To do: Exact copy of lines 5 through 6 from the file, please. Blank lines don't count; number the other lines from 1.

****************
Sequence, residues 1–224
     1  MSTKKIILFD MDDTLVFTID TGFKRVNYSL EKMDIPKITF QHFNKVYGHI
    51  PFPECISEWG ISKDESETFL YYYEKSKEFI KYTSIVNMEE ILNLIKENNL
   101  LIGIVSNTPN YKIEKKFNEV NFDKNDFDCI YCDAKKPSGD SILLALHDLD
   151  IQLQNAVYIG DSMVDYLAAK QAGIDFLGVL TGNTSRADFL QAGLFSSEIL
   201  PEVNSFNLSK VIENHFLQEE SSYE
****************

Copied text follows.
   151  IQLQNAVYIG DSMVDYLAAK QAGIDFLGVL TGNTSRADFL QAGLFSSEIL
   201  PEVNSFNLSK VIENHFLQEE SSYE